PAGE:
Brain Game: Doha Semifinal Preview
Published February 14, 2014 12:11
Simona Halep is on the fast track to becoming one of the elite players in the world.
Halep is seeded seventh in the event and is the brightest star on the WTA with a fresh ranking this year in the Top 10 in the world and a quick comparison of the quarterfinal victories in Doha illustrates the massive weapons in Halep's game and the huge potential she possesses.
SAP analytics show that the other three semifinalists in Doha, Angelique Kerber, Jelena Jankovic and Agnieszka Radwanska, combined to hit 11 forehand winners in their quarterfinal victories to advance to tomorrow's semifinals. Halep impressively hit exactly double that amount with 22 forehand winners in a match against Errani that only lasted 14 games. Halep's forehand is a weapon that can dominate from all parts of the court and her backhand can also do significant damage. Halep hit seven backhand winners against Errani which were also the most backhand winners from any player in the quarterfinals.
Halep is now on a four-match winning streak against Top 10 players and will face World No.4 Radwanska for a place in Sunday's finals. Radwanska also dominated her quarterfinal with a 62 61 win over Belgian Yanina Wickmayer. Radwanska's stats are typically not as impressive as she often wins by making more balls, yanking her opponent all around the court and playing outstanding defense.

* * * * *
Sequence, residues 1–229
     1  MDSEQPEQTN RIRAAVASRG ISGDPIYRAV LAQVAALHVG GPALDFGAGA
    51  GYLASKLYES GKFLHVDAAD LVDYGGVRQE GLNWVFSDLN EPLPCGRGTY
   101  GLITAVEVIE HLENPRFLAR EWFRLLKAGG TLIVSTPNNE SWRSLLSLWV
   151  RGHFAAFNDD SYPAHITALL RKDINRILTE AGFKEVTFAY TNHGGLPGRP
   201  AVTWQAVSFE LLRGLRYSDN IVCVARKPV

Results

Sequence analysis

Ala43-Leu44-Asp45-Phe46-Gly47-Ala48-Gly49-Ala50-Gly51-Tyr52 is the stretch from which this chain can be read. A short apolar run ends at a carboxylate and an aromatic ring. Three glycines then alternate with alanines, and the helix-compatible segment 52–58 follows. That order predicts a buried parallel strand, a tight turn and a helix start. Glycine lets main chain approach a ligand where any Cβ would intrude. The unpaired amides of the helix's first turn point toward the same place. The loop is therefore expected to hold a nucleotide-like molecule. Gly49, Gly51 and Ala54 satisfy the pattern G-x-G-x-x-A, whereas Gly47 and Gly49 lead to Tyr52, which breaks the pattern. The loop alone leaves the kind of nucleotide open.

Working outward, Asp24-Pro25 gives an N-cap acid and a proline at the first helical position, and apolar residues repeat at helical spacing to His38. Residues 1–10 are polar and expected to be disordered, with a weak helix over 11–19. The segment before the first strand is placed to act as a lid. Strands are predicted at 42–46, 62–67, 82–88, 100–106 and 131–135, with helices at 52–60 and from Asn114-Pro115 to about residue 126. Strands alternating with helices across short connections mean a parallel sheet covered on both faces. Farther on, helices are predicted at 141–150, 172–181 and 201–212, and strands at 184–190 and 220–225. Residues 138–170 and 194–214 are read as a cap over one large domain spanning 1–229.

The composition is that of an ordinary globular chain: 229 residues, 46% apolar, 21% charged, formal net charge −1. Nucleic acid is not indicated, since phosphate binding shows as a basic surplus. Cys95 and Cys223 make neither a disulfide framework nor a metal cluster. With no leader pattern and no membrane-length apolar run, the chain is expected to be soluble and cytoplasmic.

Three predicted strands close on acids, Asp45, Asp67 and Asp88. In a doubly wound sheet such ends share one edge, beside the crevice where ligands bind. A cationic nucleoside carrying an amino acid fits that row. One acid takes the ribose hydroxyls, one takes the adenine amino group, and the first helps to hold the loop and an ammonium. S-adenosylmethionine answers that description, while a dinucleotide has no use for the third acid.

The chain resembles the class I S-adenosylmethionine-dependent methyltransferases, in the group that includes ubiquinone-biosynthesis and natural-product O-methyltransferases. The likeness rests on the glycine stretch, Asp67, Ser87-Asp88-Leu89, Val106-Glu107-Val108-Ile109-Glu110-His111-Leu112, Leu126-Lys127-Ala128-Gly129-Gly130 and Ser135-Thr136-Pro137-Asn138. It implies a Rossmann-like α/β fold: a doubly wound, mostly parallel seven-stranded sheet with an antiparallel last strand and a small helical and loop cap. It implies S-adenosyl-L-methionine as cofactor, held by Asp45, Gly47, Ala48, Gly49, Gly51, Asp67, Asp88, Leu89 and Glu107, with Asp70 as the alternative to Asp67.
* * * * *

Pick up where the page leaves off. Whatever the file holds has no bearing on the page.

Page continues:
Radwanska only hit four winners (two forehand and two backhand) in her quarterfinal victory and will present a very tough match-up against Halep in the semifinals, who Radwanska holds a 3-1 record against. Halep won their last match in Rome last year in three sets and this encounter will very much highlight Halep's explosive offense against Radwanska's cunning defense.
The other semifinal features two Top 10 players in Jankovic and Kerber battling for the right to advance to the Doha finals. Jankovic had a solid 61 63 victory over Petra Kvitova in the quarters mainly by building scoreboard pressure early in the games. SAP analytics highlighted Jankovic won the opening point in six of her eight service games, going on to win five of them. Kvitova by comparison only won the opening point in one of her eight service games, which she won, but then only won one of her remaining seven service games when she fell behind 0-15 on her serve. It's tough to keep coming from behind against such a quality opponent.
Jankovic will play Kerber, who dominated Petra Cetkovska, 61 60, in their quarterfinal. Cetkovska scored the upset of the tournament in defeating Li Na in three sets in the round of 16 but Kerber proved too strong winning 7 of 11 break points for the match. Kerber dominated returning as Cetkovska only won 12 points serving for the match.
While all four quarterfinals unfolded as very one-sided affairs the semifinals promise to be the exact opposite. Halep and Radwanska is an intriguing match-up of dominating offense versus suffocating defense while Kerber and Jankovic will feature a toe-to-toe battle of in-form players. Tennis is a game of match-ups and both semifinal encounters are as good as it gets in today's game.
Craig O'Shannessy is an Australian tour coach who studies matches to uncover the patterns and percentages that dominate the game. He runs a tennis academy in Austin, Texas and a website called www.braingametennis.com.